The behaviour of commodity prices and U.S./European housing market prices in 2008, the ‘dot-com’ boom in 1998-2000, all these events have been characterized as speculative price bubbles: persistent deviations from assets’ fundamental values with strong increases in asset prices in a continuous process. They are possibly the most controversial subject of finance, not only for the implications to risk management, but because their existence contradicts the assumptions of the Efficient Market Hypothesis (EMH).
Although some critics challenge the very existence of bubbles, even questioning the empirical tests developed in recent years, several studies have been carried out concerning speculative bubbles, and it is undeniable that the coexistence of high prices, high trading volumes and high volatility is not consistent with the assumptions of EMH, hence the need to use an alternative approach – behavioural finance – in order to better explain this phenomenon. This article aims to compare two approaches to bubble prices: one based on the EMH, the other based on a behavioural approach.
Bubbles and EMH
The idea that market prices will move toward equilibrium is a fundamental concept in the capital markets theory. Investors have homogeneous expectations, converging with respect to returns, variance and covariance of asset prices, just having different degrees of risk aversion. Any change in price will result in a strong pressure to restore the balance: in fact rational investors will eliminate the bubble before it develops, as it is stated by the EMH. However, bubbles exist. The occurrence of speculative bubbles is not only exciting for the challenge to EMH, but mainly to the practical effects post-bubbles. Akerlof and Shiller make the point that bubbles are not irrelevant; they produce severe effects on the real economy, affecting not only investors but a lot of people who never had anything to do with those assets.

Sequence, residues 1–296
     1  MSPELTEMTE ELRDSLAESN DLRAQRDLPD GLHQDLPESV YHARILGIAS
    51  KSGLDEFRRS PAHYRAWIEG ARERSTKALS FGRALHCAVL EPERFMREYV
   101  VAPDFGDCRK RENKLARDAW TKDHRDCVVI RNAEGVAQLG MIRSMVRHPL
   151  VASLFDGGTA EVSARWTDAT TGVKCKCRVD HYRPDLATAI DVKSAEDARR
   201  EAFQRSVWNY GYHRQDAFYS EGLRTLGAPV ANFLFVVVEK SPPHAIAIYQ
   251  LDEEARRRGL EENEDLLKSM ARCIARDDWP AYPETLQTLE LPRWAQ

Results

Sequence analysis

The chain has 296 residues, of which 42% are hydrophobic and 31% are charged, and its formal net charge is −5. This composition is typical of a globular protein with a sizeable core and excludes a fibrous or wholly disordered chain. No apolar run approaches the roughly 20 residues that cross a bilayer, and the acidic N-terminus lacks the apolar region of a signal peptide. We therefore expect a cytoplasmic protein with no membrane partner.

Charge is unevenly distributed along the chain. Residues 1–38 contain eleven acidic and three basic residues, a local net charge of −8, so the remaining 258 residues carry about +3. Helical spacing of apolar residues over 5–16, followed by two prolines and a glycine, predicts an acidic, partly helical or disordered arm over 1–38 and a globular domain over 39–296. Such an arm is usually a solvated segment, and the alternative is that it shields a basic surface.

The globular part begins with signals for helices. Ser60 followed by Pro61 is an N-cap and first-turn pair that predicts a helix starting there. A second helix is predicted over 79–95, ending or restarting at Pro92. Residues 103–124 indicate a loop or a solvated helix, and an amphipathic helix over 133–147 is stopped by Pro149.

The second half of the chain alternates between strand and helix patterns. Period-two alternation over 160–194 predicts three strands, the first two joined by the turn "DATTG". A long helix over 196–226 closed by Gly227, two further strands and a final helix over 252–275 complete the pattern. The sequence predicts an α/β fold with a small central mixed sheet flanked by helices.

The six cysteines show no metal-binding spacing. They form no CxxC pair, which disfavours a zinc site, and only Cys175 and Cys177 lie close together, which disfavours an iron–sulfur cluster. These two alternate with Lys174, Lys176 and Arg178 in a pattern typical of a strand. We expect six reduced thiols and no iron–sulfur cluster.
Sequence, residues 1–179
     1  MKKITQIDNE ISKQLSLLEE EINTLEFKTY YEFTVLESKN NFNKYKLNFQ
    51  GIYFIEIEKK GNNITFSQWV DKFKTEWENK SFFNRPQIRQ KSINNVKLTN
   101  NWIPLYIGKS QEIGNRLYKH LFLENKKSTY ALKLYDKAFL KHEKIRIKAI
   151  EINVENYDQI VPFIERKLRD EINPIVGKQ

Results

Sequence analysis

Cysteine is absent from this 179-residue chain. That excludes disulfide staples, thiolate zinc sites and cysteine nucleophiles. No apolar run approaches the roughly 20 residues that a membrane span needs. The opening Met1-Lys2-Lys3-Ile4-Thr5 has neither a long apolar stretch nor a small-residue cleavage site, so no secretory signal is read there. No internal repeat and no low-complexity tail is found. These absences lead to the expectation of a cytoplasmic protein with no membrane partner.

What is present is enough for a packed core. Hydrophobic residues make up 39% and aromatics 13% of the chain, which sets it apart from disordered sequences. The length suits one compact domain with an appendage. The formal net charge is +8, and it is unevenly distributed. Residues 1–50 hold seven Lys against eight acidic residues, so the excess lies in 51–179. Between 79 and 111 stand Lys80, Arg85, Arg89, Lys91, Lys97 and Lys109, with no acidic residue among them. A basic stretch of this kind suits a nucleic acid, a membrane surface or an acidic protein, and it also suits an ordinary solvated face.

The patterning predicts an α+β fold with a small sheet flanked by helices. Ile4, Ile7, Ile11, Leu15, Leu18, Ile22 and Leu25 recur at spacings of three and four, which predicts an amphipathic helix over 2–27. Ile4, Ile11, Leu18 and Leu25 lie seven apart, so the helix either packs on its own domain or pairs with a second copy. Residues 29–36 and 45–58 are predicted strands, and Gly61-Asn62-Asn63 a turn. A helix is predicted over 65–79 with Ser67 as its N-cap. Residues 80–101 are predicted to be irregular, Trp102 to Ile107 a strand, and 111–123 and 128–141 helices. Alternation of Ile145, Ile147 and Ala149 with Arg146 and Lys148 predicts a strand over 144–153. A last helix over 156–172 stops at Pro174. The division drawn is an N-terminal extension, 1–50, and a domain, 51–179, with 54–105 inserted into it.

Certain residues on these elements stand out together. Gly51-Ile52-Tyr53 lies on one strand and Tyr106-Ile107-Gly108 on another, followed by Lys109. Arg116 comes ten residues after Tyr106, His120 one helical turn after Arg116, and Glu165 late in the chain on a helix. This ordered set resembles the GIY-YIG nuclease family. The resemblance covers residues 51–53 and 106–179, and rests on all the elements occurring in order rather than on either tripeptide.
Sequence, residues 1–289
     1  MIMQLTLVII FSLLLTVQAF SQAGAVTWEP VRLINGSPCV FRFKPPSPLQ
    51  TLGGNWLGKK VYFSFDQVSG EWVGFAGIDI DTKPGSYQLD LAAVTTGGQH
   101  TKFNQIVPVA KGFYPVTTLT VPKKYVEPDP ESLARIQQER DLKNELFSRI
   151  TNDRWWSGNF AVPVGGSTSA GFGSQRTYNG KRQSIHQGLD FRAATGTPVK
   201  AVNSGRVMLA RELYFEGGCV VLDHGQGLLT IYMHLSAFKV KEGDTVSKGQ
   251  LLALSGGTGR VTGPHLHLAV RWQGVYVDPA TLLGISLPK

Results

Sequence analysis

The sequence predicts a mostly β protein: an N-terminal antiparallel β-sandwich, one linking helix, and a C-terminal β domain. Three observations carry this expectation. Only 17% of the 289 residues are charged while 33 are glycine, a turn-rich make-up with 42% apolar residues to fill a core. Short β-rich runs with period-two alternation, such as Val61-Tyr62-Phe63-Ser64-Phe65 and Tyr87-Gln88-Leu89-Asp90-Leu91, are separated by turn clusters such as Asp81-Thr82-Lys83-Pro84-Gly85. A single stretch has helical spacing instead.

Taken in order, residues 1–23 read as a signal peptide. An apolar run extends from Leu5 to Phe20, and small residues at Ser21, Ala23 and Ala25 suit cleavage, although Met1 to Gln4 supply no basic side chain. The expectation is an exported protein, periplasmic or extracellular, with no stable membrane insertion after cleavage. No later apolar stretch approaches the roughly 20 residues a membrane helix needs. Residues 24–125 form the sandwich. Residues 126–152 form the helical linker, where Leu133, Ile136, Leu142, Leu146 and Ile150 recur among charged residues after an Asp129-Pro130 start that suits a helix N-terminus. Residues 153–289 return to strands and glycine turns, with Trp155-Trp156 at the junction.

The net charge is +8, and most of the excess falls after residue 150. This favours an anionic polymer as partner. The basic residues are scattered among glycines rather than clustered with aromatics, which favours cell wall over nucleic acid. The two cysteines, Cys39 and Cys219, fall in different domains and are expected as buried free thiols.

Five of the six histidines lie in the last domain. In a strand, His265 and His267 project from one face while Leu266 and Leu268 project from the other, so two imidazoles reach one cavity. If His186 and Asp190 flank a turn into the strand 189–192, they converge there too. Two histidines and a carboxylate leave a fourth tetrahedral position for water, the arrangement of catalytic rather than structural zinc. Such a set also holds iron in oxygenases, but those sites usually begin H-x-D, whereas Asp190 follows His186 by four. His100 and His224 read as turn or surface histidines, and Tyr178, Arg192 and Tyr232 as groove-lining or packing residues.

Do bubbles exist?
Flood and Hodrick (‘FH’) have commented that although it is theoretically possible to imagine a relationship between high volatility and bubbles, empirical evidence of the existence of a bubble can be attributed to poorly designed models or inappropriate
empirical studies, some of which use samples of market prices to prove the existence of a bubble. They effectively deny the existence of bubbles and criticize the idea that the existence of speculative bubbles is evidence that markets are not efficient, based on what these authors called an unobservable construct: the inability to determine a rational ex-post price, the ‘real’ price after the bubble has burst.
What makes a bubble?
Whilst FH only consider high volatility as being a defining characteristic of a bubble, Scheinkman and Xiong3 (‘SX’) believe that the formation of bubbles is related to the coexistence of high prices, high trading volumes and high volatility in prices, something that occurred in several episodes that can be described as bubbles. SX did not focus their analysis on the possible determination of a rational price ex-post, but in the high trading volume vis-à-vis the market value of the stocks. SX cite that between the end of 1998 and February 2000 transactions involving stocks of internet companies accounted for 20% of the total amount traded on U.S. stock exchanges. However, the market capitalization of these companies never exceeded 6%.
Bubbles and investor behaviour
SX propose an analysis model of bubble formation based on the heterogeneous expectations of investors, generated by overconfidence. With heterogeneous expectations, investors have different expectations about the probability distribution of future cash flow. Overconfidence is defined as the belief by investors that their respective information is more accurate than that of other investors. It is related to the tendency of individuals to overestimate their ability in relation to others. SX’s asset pricing model considers that an investor makes up the price from their own vision of what would be the fundamental price, and that they have (besides, of course, the asset itself) a put option on this asset. The value of this option can be reasonably understood as corresponding to the bubble. They do not work with the hypothesis of an observable rational price ex-post as being an important way of determining the existence of a bubble. The relationship between price bubbles and fundamental market prices or with the high trading volume clearly separates the two approaches. High volatility, high prices and high trading volumes are not compatible with the EMH approach, which means we have to look elsewhere to understand why bubbles occur. Behavioural finance, using the relationship of price bubble and speculative trading (i.e., high trading volumes with high volatility in prices), allows a theoretical and investigative way to resolve the difficulty of determining a rational price ex-post.
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